The Traditional Courts Bill is currently being considered by Parliament in order to provide updated legislation for traditional justice processes and institutions. The Bill will affect over 17 million South Africans. However, the Bill – and its previous iterations – has been the subject of much speculation and controversy.
The Traditional Courts Bill was first introduced to the National Assembly on 9 April 2008. However, the Bill was withdrawn on 2 June 2011 due to widespread concerns that members of the public had not been adequately consulted in its drafting, and that it had unconstitutional content.
Despite this opposition, the Bill was reintroduced in December 2011 and tabled before the National Council of Provinces in January 2012. The proposed Bill was blatantly unconstitutional and arguably violated the human rights of women and men in rural communities. As such, Sonke joined a large group of human rights organisations in a nation-wide campaign to stop the Bill. After the provinces conducted their consultations they too were largely persuaded that the bill would not pass constitutional muster. The Bill effectively lapsed. This was a victory for Sonke and our partner organisations.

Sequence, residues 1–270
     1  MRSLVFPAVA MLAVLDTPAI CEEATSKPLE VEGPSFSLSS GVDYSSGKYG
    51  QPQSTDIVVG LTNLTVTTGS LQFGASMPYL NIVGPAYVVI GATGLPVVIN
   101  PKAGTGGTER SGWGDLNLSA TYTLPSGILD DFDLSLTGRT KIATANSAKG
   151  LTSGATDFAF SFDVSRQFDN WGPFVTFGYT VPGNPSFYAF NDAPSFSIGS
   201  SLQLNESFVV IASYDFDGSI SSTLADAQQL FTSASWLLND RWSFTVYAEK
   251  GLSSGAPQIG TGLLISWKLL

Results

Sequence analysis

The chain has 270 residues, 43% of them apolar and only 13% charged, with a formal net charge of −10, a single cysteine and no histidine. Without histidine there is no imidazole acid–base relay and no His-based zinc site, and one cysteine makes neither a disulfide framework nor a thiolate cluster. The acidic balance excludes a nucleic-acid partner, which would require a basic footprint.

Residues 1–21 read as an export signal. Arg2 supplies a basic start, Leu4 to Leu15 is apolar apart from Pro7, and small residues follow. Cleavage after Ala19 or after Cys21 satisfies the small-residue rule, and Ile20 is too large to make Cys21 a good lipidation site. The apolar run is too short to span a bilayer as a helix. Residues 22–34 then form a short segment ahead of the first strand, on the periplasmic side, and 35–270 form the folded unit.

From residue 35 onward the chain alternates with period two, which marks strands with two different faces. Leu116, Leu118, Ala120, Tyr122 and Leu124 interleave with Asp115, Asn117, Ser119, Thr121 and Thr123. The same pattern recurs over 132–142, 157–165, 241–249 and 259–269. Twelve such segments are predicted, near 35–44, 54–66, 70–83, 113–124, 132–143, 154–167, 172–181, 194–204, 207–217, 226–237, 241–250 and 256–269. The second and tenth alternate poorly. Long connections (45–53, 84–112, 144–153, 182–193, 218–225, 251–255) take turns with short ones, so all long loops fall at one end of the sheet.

In March 2015, Justice Minister Michael Masutha stated that he intended to table a revised version of the Bill in November 2015, after consultations with all stakeholders. In January 2017, a final revised version of the Bill was introduced into Parliament: the Traditional Courts Bill 1 of 2017.
Sonke made a submission on the Bill to the Portfolio Committee on Justice and Correctional Services in March 2017, which recognised that many of the issues with the 2012 version of the Bill had seemingly been rectified (especially concerning the participation of women in the traditional justice process), though there remained several issues with the new Bill.
Sonke will continue to engage in the parliamentary process with regards to the 2017 Bill.